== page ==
Miss Audie almost came to a falling-out with Mrs. Davenport, when on the second trip to the bathroom during Club one Second Thursday, Mrs. D. happened to see her flicking through Mr. D.’s prized collection of National Geographics, hoping to rip out a picture and get back before time for Reading of the Minutes.

And her glorification of the birds, so beautiful in their garish grace, and the corruption of their reputation into dimestore gee-gaws—all that caused the title to start---Flamingoes were just TOO TOO; they were gaudy and proud and snobbish and just getting Too Big For Their Britches. And anyone, anytime, was open to ridicule as a Flamingo, by getting above themselves in dress, or expenditures or choice of vacation spots, automobiles, or too-elaborate Weddings For Their Daughters.

Uppity ways segued from Puttin’ on the Dog to Flamingoin’---and all due to Miss Audie’s love affair with those wonderful pink birds. And it was Pure Grace that she never DID catch on.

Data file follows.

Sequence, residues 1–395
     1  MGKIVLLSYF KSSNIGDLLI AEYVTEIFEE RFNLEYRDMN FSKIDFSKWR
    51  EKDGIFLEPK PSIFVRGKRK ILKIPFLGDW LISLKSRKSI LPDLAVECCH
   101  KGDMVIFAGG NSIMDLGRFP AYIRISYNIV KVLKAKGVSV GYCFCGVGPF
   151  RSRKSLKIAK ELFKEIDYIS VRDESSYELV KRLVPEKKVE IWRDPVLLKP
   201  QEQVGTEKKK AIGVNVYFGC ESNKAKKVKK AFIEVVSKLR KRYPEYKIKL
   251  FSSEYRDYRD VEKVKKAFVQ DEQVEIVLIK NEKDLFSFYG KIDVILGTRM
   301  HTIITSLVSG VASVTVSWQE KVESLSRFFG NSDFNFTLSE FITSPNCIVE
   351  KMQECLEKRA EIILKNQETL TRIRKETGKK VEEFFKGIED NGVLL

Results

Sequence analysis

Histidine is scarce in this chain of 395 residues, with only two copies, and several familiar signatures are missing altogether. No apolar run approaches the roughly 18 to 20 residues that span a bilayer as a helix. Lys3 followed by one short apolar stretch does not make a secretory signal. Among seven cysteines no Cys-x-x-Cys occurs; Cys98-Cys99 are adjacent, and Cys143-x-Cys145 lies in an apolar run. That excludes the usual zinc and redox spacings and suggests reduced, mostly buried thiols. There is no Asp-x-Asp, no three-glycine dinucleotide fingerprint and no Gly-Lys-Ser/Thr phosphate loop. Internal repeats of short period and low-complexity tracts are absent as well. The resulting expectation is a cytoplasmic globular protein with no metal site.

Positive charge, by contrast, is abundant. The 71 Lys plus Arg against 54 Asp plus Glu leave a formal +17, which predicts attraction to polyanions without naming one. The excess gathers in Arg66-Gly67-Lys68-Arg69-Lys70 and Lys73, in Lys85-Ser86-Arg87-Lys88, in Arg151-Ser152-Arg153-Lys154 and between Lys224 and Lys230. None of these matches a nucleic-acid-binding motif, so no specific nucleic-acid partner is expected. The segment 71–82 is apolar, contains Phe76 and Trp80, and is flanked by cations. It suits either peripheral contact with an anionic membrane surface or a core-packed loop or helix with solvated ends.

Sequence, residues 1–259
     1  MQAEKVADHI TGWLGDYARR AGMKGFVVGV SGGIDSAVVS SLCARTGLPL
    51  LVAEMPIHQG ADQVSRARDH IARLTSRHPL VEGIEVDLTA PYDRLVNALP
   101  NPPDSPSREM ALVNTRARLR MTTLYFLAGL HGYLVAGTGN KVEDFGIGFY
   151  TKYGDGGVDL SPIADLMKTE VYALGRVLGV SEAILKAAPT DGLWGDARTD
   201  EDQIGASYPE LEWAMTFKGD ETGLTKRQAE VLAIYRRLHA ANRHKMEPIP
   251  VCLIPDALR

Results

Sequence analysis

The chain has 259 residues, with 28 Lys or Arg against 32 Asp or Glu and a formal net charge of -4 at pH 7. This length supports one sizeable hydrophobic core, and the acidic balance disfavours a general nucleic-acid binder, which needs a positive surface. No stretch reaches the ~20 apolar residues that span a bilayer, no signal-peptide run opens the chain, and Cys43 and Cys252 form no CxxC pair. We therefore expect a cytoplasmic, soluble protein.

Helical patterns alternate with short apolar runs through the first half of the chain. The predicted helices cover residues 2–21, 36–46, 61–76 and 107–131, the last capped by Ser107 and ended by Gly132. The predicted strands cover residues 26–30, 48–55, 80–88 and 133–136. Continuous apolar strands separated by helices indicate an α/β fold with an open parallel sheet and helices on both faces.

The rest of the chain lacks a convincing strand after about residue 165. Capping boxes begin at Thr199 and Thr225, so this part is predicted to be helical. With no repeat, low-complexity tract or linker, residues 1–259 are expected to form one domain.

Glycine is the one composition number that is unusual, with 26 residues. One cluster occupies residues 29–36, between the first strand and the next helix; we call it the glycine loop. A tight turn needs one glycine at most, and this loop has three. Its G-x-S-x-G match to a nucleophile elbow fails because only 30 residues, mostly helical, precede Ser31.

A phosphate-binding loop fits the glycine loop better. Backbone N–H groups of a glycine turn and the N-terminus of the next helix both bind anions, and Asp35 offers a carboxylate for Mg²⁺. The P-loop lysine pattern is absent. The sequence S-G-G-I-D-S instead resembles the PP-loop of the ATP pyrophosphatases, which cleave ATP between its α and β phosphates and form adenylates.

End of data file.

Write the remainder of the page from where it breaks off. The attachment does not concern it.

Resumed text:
Miss Kathryn Roseberry is an older married woman with a perfectly good husband, but who is still known as Miss, as are many of the older women still today. We younger women would call them by their first names, but only by appending the “Miss”---never “Mrs.”   It’s like the Peerage---you’d never say Sir Connery, but Sir SEAN.

Miss Kathryn is an imposing, rumbly-voiced woman, of opinions as solid as her ample figure in those Goldsmith’s dresses, and of a great kindness, especially to all the children.   She has “help” in the house, and for the yard, and belongs to every organization, club, committee and foundation between Memphis and Greenville.  She can be relied on to get the job done, whether it’s raising funds for the incumbent governor, or raising a tent for a Lions’ Club fish-fry (well, maybe she’d bring her long-time employee Jonah to help with that one). 

One day I got an excited call at work from Miss Kathryn, speaking so fast I could hardly decipher her words.  She’d been in an absolute fantod for days, having lost the quite large stone from her engagement ring, and had searched high and low, still wearing the ring with its sad empty clutch of prongs standing there like a wistful coronet on a Disney-Frog Prince.

 She'd come into our office several times, and would pry and poke around, to the extent of going into the trash can once, even lifting out the sag of the big grounds-stained coffee filter in her fingertips like an overfilled diaper.